Posts Tagged ‘EPB’

Shame on us, we somehow missed the whole issue about Apple dropping plan for encrypting backups after FBI complained, even mentioned in The Cybersecurity Stories We Were Jealous of in 2020 (and many reprints). In the meantime, the article is full of rumors, guesses, and unverified and technically dubious information. “Fake news”, so to say. Is there truth to the rumors, and what does Apple do and does not do when it comes to encrypting your personal information?

Reportedly, Apple dropped plan for encrypting backups after FBI complained. Apple’s decision will undoubtedly cause turmoil and will have a number of consequences. In this article, I want to talk about the technical reasons for encrypting or not encrypting cloud backup, and compare Apple’s approach with the data encryption strategies used by Google, who have been encrypting Android backups for several years.

How secure are your chats in your favorite instant messenger? Can someone intercept and read your secret conversations, and can you do something about it? Apple users have access to the highly popular instant messaging system, the iMessage. But how secure it really is? Let’s find out.

Apple iMessage is an important communication channel and an essential part of forensic acquisition efforts. iMessage chats are reasonably secure. Your ability to extract iMessages as well as the available sources of extraction will depend on several factors. Let’s discuss the factors that may affect your ability to extract, and what you can do to overcome them.

If the iPhone is locked with a passcode, it is considered reasonably secure. The exception are some older devices, which are relatively vulnerable. But what if the passcode is known or is not set? Will it be easy to gain access to all of the data stored in the device? And why do we have the countless forensic tools –is analysis and reporting the sole reason for their existence? Not really. If you’ve been wondering what this acquisition thing is all about, this article is for you.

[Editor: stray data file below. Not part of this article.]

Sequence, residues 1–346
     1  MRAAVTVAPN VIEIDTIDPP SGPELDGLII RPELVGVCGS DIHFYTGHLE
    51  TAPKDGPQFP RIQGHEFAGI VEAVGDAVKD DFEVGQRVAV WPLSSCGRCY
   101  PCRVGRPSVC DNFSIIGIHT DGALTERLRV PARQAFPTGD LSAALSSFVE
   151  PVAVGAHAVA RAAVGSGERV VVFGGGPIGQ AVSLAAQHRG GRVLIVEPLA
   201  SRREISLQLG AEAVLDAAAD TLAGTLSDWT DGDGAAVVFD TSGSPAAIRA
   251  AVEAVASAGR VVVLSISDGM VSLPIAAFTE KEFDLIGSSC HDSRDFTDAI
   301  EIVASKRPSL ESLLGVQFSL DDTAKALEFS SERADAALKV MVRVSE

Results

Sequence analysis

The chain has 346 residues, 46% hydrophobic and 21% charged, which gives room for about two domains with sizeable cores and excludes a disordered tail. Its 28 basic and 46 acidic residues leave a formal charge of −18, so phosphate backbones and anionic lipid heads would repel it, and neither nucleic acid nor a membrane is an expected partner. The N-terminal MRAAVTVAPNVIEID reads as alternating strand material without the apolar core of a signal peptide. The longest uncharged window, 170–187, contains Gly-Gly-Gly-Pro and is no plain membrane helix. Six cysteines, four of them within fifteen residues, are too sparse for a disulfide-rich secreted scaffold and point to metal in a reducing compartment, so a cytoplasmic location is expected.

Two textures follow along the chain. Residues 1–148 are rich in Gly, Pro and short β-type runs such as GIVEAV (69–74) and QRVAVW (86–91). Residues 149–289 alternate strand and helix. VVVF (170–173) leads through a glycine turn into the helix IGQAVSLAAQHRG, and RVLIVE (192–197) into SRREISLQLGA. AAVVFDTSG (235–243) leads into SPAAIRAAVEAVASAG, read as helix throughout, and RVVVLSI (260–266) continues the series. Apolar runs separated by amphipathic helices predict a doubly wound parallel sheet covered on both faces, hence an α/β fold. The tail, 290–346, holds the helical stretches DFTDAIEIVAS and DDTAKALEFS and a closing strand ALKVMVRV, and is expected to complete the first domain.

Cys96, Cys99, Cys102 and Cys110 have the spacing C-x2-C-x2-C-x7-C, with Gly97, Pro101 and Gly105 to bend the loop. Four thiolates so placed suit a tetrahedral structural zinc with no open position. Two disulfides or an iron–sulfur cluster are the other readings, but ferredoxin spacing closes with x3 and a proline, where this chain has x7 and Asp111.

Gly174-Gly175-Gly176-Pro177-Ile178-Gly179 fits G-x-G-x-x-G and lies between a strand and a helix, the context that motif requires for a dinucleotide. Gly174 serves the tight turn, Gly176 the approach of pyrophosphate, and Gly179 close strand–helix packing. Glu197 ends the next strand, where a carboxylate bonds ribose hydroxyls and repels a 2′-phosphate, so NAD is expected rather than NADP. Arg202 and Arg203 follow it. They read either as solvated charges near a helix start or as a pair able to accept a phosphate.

When investigating iOS devices, you may have seen references to the SoC generation. Security researchers and developers of various iOS jailbreaks and exploits often list a few iPhone models followed by a note that mentions “compatible iPad models”. This is especially common when discussing iOS forensics, particularly referring to the checkra1n jailbreak. What do those references mean, and how are the iPhone and iPad models related? Can we count the iPod Touch and Apple TV, too? Let’s have a look.

The number of iOS 14 users is on the raise, and we will see it running on most Apple devices pretty soon. Apple had already stopped signing the last version of iOS 13 on all but legacy hardware. Soon, we will only see it running on the iPhone 5s and iPhone 6 which didn’t get the update, and on a small fraction of newer devices. If you are working in the forensic field, what do you need to do to make yourself ready for iOS 14? Our software may help.

iOS 14 is officially out. It’s a big release from the privacy protection standpoint, but little had changed for the forensic expert. In this article, we’ll review what has changed in iOS 14 in the ways relevant for the forensic crowd.

The keychain is one of the hallmarks of the Apple ecosystem. Containing a plethora of sensitive information, the keychain is one of the best guarded parts of the walled garden. At the same time, the keychain is relatively underexplored by the forensic community. The common knowledge has it that the keychain contains the users’ logins and passwords, and possibly some payment card information. The common knowledge is missing the point: the keychain contains literally thousands of records belonging to various apps and the system that are required to access lots of other sensitive information. Let’s talk about the keychain, its content and its protection, and the methods used to extract, decrypt and analyze the various bits and pieces.

The long-awaited update for Elcomsoft Phone Breaker has arrived. The update brought back the ability to download iCloud backups, which was sorely broken since recent server-side changes introduced by Apple. We are also excited to become the first forensic company to offer support for iCloud backups saved by iOS 14 beta devices, all while supporting the full spectrum of two-factor authentication methods. We are proud to provide the most comprehensive forensic support of Apple iCloud with unmatched performance, accelerating forensic investigations and providing access to critical evidence stored in the cloud.